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Abigail Roux: Armed & Dangerous

Madeleine Urban & Abigail Roux--Cut & Run Book 5 - Armed & DangerousI am really on the fence about this one.

The feeling is gone. The distance and anxiety that I likened to reading Miyamoto Kano’s Hydra/Rules series for the first time is practically nonexistent in book five. On the one hand, that just makes it even more like Hydra since it feels unfinished. On the other hand, there’s still a chance that MK will pick up on Ryuu and Hitomi’s story and I can sleep better at night, but I know Madeleine Urban & Abigail Roux aren’t going to be revisiting the Ty and Zane I got to know in books one through four. So I feel cheated because the story I was invested in was abandoned.

However, the story book five tells is pretty darn good. The heartbreak at the end of book four was quickly addressed, though not quite resolved until much later. The boys are sent to retrieve an asset and things get complicated when the asset’s boyfriend tags along. The pot of trouble really starts to boil over when they realize that someone else is after the asset, too. A chase across the Great Lakes and the Mid-Atlantic regions through blizzards and bullets culminates in Ty’s temporary custody of two Maine Coons. In between the action, they make some progress in their relationship, but the story’s primarily one of reflection, including some much avoided details about Ty’s past. So, the story was rather satisfying, but everything is different and it was fuzzy around the edges.

One through four had an edge and a clarity that stuck with me. It was sober and made you hopeful against all odds. The complexity of Ty and Zane’s complicated relationship, the threat of danger, the field work, their histories, they all rang true. Like the rawness of Matt Damon’s Bourne Trilogy. Five? Five is a comedic caper, not quite as full of shenanigans and high jinks as The Great Muppet Caper, but it was on its way. I laughed more in this book than I did the first four combined. but even though I enjoyed it, there was an underlying discomfort the whole way through.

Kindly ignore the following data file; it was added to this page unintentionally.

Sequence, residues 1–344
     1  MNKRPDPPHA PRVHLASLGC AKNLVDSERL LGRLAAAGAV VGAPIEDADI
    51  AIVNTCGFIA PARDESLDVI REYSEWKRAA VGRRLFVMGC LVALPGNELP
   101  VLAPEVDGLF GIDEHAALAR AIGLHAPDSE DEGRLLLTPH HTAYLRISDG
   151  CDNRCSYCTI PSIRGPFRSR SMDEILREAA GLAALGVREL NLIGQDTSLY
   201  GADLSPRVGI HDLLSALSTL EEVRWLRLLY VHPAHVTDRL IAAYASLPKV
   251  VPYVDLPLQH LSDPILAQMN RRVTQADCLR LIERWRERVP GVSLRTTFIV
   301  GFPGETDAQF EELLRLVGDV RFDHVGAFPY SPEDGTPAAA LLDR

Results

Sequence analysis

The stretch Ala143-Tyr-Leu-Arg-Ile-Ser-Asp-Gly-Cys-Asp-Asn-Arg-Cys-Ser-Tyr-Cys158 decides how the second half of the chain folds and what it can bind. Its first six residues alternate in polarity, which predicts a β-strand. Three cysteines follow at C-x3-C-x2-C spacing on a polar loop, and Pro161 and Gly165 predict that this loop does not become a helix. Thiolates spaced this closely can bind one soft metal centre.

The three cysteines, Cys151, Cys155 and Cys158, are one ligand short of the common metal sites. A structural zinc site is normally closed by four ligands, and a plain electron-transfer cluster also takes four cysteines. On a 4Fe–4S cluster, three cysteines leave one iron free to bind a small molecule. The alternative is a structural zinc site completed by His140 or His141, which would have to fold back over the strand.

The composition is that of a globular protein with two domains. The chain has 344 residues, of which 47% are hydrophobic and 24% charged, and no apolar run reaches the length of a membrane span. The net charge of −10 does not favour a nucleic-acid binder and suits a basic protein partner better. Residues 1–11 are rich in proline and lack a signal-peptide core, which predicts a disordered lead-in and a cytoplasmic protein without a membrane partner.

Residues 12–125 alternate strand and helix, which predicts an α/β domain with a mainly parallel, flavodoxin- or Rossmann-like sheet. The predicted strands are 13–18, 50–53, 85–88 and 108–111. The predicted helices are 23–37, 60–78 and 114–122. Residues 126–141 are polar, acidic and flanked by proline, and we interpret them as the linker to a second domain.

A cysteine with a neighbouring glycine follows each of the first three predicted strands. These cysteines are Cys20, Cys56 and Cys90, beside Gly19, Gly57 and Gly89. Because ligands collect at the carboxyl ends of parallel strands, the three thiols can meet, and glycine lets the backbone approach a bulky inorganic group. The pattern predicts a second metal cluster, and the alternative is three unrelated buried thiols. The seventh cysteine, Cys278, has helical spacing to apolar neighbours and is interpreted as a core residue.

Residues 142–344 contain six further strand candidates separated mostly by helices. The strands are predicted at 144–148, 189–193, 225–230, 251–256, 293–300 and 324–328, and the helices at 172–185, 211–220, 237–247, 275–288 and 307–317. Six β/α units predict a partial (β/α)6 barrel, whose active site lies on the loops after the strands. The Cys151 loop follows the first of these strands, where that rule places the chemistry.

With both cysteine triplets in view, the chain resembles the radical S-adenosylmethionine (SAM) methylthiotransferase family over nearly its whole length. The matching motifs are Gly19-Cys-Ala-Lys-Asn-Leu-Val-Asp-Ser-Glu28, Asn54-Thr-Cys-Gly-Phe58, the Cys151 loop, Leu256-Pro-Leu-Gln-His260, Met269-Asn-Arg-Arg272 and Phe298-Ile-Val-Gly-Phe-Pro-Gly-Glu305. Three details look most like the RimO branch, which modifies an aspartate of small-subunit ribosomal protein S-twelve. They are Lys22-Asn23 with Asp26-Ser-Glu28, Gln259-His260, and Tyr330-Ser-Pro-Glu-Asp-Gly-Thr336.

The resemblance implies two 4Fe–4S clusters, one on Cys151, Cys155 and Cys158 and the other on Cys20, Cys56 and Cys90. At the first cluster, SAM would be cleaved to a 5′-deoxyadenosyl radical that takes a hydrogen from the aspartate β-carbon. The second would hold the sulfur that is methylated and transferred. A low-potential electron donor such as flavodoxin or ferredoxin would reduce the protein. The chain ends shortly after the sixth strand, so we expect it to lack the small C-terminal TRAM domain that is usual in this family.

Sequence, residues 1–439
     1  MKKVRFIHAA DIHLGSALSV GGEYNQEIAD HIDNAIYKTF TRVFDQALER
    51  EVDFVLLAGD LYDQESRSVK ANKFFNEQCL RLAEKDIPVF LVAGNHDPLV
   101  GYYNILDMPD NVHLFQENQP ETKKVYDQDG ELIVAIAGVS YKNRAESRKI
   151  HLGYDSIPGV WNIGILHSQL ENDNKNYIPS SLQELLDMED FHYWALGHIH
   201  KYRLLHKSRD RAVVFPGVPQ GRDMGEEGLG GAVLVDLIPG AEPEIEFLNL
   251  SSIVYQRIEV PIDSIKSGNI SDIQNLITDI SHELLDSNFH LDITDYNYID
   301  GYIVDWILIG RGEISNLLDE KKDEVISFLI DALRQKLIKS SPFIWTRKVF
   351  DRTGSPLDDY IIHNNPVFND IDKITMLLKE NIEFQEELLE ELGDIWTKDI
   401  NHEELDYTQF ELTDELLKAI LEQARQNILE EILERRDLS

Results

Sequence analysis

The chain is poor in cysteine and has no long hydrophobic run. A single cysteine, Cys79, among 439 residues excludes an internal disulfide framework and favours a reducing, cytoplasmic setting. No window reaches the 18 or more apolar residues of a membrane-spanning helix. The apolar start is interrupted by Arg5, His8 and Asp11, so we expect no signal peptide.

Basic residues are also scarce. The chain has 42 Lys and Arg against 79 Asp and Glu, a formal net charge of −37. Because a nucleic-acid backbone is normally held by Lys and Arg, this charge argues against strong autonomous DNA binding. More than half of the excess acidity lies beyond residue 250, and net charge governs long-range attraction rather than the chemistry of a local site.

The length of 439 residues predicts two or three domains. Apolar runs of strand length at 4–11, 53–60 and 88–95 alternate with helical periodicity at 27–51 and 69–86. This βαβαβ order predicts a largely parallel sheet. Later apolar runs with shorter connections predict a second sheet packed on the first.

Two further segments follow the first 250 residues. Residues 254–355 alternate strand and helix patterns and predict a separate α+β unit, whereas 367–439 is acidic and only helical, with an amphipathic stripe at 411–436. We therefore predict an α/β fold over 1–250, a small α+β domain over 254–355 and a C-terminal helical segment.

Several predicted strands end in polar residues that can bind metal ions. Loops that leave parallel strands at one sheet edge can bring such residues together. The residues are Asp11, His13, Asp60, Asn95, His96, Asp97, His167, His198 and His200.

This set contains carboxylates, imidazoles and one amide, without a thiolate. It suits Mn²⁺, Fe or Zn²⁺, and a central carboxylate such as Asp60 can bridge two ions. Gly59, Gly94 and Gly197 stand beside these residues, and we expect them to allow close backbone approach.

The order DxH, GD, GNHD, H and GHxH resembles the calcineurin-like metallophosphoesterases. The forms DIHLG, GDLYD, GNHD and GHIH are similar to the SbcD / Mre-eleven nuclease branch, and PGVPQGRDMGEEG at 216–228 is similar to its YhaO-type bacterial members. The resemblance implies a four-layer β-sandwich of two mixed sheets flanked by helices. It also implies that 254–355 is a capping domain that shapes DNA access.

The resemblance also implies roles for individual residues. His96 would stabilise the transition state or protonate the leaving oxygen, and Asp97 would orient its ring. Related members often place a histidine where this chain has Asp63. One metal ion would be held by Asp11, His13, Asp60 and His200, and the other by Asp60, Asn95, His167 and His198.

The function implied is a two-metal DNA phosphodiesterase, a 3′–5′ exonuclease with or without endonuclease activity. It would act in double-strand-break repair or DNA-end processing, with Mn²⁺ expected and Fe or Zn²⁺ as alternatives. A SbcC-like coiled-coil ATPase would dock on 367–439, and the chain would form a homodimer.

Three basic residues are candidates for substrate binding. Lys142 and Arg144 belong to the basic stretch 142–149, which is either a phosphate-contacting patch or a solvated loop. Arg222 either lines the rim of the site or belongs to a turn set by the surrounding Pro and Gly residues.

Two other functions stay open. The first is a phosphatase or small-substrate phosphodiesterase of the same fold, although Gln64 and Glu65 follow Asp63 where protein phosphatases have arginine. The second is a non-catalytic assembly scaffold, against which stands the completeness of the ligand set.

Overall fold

I don’t know why Roux forged ahead on her own, but some things are clear to me now. I believe Roux to be the one who championed most, if not all, of the things I was unhappy with about the first book. Its all very slight now, or I could just be suspicious of innocuous things. Roux is all about the snappy comebacks and wise cracks, but without the sharpness that was present in the first four, a lot of Ty and Zane’s behavior was slightly out of character. Mostly in regards to what people with their training would do on a mission and how careless they seemed, often doing things that could easily out them. The sharpness also contributed to that spark that existed between the boys and with it dulled, the sex scenes were lacking–I dozed off while reading it in the middle of the day; I had to fight to stay awake. And though I have my issues with stories written by multiple people, two eyes are better than one. There were some minor continuity issues for both the characters and events. Some things may not even be noticed if you don’t read the books back to back, but I also noticed some things out of place that I couldn’t pin down.

To be fair, if this was a stand alone or if one through four were written in the same way, this would be a pretty good story anyway, even the sex scenes. But as it is, it’s almost too silly for this to be what comes after book four. I’m assuming the co-authors had a difference of opinion, because the story does feel like Roux got to stretch her wings without fear of ruffling anyone else’s feathers. Now, I’m not discouraging anyone from reading it–I’m already halfway through book six–but just be ready for the change.

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